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Dark, melancholic, philosophical literature?

Discussion in 'Off Topic [BG]' started by HeavyAxe, Mar 26, 2015.

  1. HeavyAxe


    Jul 16, 2013
    Alberta, Canada
    Hey there everyone. I've sort of been down in the dumps lately. I seem to have this condition where every so often I get into this 'tortured soul' kinda persona. You know, wear a turtleneck sweater and go feed the ducks...just kidding. But for real, I do for whatever reason enjoy literature dealing with dark and melancholic themes. Philosophical topics are good as well. I'm just wondering if anyone has any recommendations for poetry or other works of literature dealing with things like death, sorrow, internal torture, nature, sadness, sorrow, occultism etc.

    Don't worry, I'm not a drag at parties. :thumbsup:
  2. 48thStreetCustom


    Nov 30, 2005
    You mean like Kafka, Edgar Allen Poe or Orwell?
    line6man likes this.
  3. sparkyfender2


    Nov 25, 2013
    Dostoevsky's "Crime and Punishment."
    One Drop likes this.
  4. "Nausea" by Jean-Paul Sartre, "Steppenwolf" by Hermann Hesse, "Big Sur" by Jack Kerouac, "The Master and Margarita" by Mikhail Bulgakov.
    Last edited: Mar 26, 2015
  5. 20db pad

    20db pad

    Feb 11, 2003
    I been everywhere, man...
    None. At all.
    John Steinbeck's "The Pearl" and "Of Mice and Men" are great stories but very sobering. Kafka's "Metamorphosis" is also of the same vein.
  6. Excellent suggestion. The Idiot, by the same author, as well.
    One Drop likes this.
  7. jmverdugo


    Oct 11, 2012
    Katy TX
    Niebla (mist) by Miguel de Unamuno

    The Tunnel by Ernesto Sabato

    Perfume by Patrick Suskind
  8. One Drop

    One Drop

    Oct 10, 2004
    Swiss Alps
    Any Dostoevsky.

    In a more recent vein try JG Ballard.
  9. elgecko


    Apr 30, 2007
    Anasleim, CA
    Heart of Darkness
    bholder likes this.
  10. jmattbassplaya

    jmattbassplaya Looking for a gig around East Islip, NY!

    Jan 13, 2008
    H.P Lovecraft.
  11. Tom Lane

    Tom Lane Gold Supporting Member

    Flannery O'Conner
    Muddslide likes this.
  12. William Gibson. Start with "Neuromancer".
    bholder likes this.
  13. yodedude2

    yodedude2 Supporting Member

    Nov 19, 2005
    san antonio, texas
    lots of great suggestions already. i found douglas adams's 'mostly harmless' to be rather bleak. so did the author: "People have said, quite rightly, that Mostly Harmless is a very bleak book."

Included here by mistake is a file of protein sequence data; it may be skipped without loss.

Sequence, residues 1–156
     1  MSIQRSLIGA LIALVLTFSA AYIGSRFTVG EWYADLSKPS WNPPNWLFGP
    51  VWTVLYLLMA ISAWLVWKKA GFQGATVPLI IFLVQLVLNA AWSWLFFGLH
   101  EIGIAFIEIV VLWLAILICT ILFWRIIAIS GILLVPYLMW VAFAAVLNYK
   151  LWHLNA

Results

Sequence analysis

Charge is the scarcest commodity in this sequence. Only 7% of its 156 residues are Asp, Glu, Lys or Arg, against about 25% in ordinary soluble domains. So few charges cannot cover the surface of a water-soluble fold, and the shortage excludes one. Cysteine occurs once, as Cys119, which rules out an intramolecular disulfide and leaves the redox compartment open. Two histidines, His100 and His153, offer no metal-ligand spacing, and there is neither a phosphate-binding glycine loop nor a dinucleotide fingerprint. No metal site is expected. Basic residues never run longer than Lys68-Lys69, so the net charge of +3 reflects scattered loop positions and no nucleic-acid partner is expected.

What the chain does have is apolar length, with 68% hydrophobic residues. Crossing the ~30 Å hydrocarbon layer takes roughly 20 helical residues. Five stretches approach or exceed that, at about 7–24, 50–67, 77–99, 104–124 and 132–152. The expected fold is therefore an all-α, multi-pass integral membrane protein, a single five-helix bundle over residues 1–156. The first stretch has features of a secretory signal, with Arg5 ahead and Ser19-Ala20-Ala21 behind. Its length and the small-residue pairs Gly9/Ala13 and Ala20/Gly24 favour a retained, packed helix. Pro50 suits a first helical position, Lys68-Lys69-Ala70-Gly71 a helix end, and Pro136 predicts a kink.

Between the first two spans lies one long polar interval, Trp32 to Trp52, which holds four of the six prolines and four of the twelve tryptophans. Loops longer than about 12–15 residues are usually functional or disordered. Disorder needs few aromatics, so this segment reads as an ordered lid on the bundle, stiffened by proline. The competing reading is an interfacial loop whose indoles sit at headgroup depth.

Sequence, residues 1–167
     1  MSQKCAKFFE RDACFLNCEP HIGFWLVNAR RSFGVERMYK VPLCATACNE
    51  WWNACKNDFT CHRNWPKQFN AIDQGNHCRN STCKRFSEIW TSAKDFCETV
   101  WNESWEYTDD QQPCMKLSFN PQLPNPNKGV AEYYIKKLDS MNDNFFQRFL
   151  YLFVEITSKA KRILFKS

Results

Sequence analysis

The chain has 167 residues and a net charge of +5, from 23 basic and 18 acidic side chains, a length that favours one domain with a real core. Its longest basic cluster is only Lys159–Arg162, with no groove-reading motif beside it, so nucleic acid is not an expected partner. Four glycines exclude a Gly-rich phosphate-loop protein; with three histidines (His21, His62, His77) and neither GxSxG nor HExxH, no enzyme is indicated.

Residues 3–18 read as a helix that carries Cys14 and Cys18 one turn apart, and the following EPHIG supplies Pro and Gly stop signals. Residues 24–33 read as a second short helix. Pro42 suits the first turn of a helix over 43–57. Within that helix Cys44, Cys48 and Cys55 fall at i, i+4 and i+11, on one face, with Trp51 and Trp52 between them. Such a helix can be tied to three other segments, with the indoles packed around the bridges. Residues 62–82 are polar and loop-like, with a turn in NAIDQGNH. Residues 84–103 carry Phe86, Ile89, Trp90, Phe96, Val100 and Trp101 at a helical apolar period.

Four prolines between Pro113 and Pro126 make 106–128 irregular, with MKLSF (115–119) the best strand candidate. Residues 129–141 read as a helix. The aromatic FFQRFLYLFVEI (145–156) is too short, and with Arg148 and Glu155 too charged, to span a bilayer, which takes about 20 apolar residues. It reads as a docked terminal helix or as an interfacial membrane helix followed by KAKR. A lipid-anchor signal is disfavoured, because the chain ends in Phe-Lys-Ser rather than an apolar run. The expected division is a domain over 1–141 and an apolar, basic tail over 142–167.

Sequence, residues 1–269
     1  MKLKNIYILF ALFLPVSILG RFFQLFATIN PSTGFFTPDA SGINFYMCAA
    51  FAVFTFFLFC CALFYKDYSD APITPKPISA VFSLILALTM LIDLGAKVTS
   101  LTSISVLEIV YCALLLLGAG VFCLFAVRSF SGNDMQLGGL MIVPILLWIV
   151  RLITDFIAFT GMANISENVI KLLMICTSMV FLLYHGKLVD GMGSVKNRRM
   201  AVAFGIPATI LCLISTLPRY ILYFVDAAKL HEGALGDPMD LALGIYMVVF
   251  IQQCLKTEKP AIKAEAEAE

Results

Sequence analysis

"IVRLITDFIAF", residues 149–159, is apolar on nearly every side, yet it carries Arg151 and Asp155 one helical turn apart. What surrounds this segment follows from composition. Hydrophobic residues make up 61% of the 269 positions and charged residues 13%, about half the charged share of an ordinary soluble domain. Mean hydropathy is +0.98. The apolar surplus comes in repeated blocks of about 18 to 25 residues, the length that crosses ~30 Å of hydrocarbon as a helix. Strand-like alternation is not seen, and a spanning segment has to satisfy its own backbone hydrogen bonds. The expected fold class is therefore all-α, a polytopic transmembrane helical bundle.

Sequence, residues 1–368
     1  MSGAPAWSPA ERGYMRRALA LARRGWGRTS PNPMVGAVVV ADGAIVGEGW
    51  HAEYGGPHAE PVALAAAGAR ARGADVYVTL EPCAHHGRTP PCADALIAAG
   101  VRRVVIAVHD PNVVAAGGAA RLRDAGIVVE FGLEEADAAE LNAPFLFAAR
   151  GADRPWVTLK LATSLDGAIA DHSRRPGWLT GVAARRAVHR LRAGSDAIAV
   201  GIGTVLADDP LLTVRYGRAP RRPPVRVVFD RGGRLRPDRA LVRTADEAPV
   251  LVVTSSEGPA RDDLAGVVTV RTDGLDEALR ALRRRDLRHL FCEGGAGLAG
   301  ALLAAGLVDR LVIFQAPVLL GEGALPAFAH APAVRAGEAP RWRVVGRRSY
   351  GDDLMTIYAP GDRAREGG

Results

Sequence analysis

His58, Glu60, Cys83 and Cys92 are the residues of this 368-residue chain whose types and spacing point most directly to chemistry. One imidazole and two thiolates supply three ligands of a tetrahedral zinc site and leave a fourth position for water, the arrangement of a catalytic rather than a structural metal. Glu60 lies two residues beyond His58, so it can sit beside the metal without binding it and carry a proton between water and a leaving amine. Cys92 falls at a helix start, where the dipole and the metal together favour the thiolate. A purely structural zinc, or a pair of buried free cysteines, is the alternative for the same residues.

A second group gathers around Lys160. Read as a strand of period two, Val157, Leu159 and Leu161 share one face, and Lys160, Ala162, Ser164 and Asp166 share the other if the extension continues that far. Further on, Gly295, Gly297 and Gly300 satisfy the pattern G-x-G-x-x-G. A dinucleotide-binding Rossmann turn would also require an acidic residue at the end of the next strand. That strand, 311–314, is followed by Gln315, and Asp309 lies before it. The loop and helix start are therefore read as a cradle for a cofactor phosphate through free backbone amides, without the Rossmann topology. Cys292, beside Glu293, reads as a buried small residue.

14. Dale D Dilly

    Dale D Dilly Monster

    Jul 1, 2008
    Nice list. Always start with Kafka. You won't be able to get out of bed for a day after reading The Trial or The Castle.

    Let me add Faulkner to the list. No one has ever done a better job of capturing the complications and surprising turns of human ugliness.
  15. "Galapagos" by Kurt Vonnegut
  16. Funky Ghost

    Funky Ghost Translucently Groovy

    From a completely, not usually associated, genre I would submit the Chronicles of Thomas Covenant. It's hard to read at times and the main character is fairly despicable but as the story unfolds you maybe don't like him still, but you have an idea of why he thinks and acts the way he does.

    For a short story I would say look for Piers Anthony's (I know!) On the Uses of Torture. Brutal genius. It is in a collected work called Anthonology.
    Qlanq likes this.
  17. Time to watch more 3 Stooges, and to immediately view The Blues Brothers again.
  18. *ToNeS*


    Jan 12, 2001
    Sydney AU
    Death in Venice by Thomas Mann.

    I'm also big into Haruki Murakami, and some of his stuff has this really beautiful, lonely blueness to it. The novella After Dark springs to mind (and is designed, I think, to be read only after dark).
  19. bholder

    bholder Affable Sociopath Supporting Member

    Sep 2, 2001
    central NY state
    Received a gift from Sire* (see sig)
    Anything by Harlan Ellison or Gardner Dozois. You want bleak, try "Along The Scenic Route" or "I Have No Mouth And I Must Scream".

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